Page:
Teresa Harris

Teresa has written an MG novel and a picture book. She lives in New Jersey with her family.

Teresa Harris wrote her first novel (23 pages long and about a pair of time-traveling cats!) when she was in fifth grade. Since then, she has earned her Bachelor’s Degree in English from Columbia University, and an MFA in Writing for Children from Vermont College where she received numerous awards.  Her novel, THE PERFECT PLACE, has been published by Clarion, and SUMMER JACKSON, her debut picture book, was published by HarperCollins. She also writes for a major brand licensor.

A former publisher, Teresa has now re-trained as a teacher.


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Author Interview

When and how did you start writing?

I first started writing a lot in middle school, though sadly none of it was very good. In fact, what I was writing was a mish-mash of what I was reading at the time. So, imagine the Baby-Sitter’s Club members attending Sweet Valley High with the Sleepover Friends.

Can you remember the first book that made an impact on you? Who were your childhood storytelling heroes?

We read BRIDGE TO TERABITHIA and ROLL OF THUNDER, HEAR MY CRY in elementary school. These books, aside from being beautifully written, were the first books that I can remember evoking an emotional response in me. Reading them marked the first time I connected to fictional characters in such a way that their pain became mine. These were the first books that made me cry, and I remember marveling at the power books could have, a power I hadn’t known existed before.

For this reason, Katherine Paterson and Mildred Taylor were — and still are — my childhood storytelling heroes. I also loved Judy Blume and R.L. Stine. No one could make me laugh like Peter and Fudge, and only Stine could make me sleep with the lights on.

Can you talk us through the writing of your first book? What were the key moments?

I began writing my first middle-grade novel while a student at Vermont College of Fine Arts. I started it so many times. So, so many times, but I never got tired of it, because I loved my characters and I really wanted to tell their story the best way I could. By the time I finished Vermont College, I’d written 110 pages. Then, I was on my own. I had to develop my own writing schedule, with no college advisor to hold me accountable. That was scary, but I took it one day at a time, two pages a day, until at last I finished. Selling that novel a few months later was the best day of my life.

Was it hard to get an agent ? Can you talk us through the process?

I queried one agent right after I finished my novel. To this day, I have not heard from her. Acceptance, rejection, nothing. I like to think my novel excerpt stunned her speechless, but that’s probably not the case. I queried Sarah after I met her at a Vermont College alumni retreat. I liked her immediately, and queried her with the first three chapters of my novel when I got home. Sarah asked to see the rest, I sent it, and prepared myself for a long wait. But the long wait never came. Sarah called me two weeks later and told me she was interested in representing me. The rest, as they say, is history.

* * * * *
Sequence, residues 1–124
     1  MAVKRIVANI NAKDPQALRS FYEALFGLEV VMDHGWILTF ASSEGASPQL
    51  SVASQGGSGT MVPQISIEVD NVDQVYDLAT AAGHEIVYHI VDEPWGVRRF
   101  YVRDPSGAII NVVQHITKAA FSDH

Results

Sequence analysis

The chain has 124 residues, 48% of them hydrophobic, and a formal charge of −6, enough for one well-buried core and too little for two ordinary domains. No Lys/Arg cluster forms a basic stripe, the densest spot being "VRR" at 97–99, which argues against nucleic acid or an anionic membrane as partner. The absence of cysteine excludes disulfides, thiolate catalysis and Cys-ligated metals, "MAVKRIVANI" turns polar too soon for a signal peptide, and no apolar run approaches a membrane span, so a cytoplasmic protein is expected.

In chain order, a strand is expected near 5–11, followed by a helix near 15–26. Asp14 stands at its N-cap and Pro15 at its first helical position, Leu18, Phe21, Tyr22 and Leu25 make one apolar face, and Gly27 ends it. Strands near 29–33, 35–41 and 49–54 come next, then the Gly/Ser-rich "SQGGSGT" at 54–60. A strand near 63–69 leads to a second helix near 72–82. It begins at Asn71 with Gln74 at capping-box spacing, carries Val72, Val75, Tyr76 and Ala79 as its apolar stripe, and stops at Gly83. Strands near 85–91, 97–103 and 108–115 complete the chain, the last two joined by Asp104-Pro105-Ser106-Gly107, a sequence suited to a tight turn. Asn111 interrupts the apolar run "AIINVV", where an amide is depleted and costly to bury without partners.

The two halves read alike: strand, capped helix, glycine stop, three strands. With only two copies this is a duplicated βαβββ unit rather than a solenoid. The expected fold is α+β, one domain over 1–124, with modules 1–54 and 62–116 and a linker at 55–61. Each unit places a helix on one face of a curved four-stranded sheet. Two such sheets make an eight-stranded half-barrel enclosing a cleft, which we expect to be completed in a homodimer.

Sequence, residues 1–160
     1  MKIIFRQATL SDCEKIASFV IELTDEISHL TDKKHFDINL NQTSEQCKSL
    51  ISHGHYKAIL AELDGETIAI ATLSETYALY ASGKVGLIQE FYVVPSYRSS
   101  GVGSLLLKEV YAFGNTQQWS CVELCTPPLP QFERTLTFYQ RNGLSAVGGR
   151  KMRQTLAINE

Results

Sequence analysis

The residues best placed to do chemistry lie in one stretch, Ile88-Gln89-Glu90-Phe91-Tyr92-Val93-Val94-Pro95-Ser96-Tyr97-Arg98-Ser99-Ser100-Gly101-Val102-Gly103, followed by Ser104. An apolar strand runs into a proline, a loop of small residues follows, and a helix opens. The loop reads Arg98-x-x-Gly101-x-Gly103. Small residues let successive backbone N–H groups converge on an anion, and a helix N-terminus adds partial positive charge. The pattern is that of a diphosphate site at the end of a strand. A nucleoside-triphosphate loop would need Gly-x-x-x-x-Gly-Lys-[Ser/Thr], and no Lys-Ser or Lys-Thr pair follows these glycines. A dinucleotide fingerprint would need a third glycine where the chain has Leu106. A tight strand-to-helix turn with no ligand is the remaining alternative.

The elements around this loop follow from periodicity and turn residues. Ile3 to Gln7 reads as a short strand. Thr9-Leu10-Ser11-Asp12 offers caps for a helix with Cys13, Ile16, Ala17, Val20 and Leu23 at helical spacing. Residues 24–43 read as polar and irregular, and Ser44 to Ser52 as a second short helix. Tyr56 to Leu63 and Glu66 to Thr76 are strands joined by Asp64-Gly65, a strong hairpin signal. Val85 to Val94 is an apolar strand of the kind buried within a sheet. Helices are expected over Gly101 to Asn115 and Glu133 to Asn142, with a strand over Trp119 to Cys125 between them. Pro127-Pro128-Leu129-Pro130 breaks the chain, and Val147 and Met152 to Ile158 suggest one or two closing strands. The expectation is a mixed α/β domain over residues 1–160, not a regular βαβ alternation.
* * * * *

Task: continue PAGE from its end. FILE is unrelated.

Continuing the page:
Describe your writing day. Where do you write? How do you organize your time? Where do you look for inspiration?

Organization has never been my strong point, so I just tell myself that I am going to write every day. Sometimes I start writing in the afternoon; sometimes I don’t do so until midnight. As long as I write, that’s all that matters.

Sometimes, if I’m feeling stuck, I’ll pluck a book off of my shelf for inspiration. If I’m having trouble with humor, I may reach for those good old Fudge books. For trouble with description, I may reach for a book by Katherine Paterson or Nancy Farmer, because they both do it so well. Of course, after reading their work, I’m immediately humbled, but also inspired enough to go and try to create my own great scenes.

Are there any tips you could give aspiring writers who are looking to get published?

Focus on your writing, not the sale. Always work on improving your writing as much as possible and the sale will come. Also, don’t beat yourself up if you miss a day of writing, or write something that you hate. We’re not surgeons; no one dies if we slip up.

Can you describe three aspects of writing craft that have been most important as you’ve developed as an author?

Finding my middle-grade voice was a huge triumph for me. Working with my editor has taught me a lot about tightening plot. It’s tempting to use everything in a novel — every plot line you’ve ever thought of since you started writing in middle school — but you can’t. You really can’t. There will be other books. Go ahead and save some plot for them. And, lastly, it sounds so Writing 101, but I’ve learned it’s really important to keep asking yourself, ‘What does my character want?’ Forgetting for a moment can leave you completely lost within your own novel, and novel no man’s land is not a fun place to be.

Which favorite authors would you invite to a dinner party? What fictional character do you wish you’d invented?

I would invite Rita Williams-Garcia and Jacqueline Woodson because I think they’re brilliant; Neal Shusterman because he’s hilarious; and Nancy Farmer because she’s so creative. I just want to pick her brain over free-range chicken and a side of mashed potatoes.

I wish I’d invented Gilly Hopkins (created by Katherine Paterson). That little girl is tops in my book.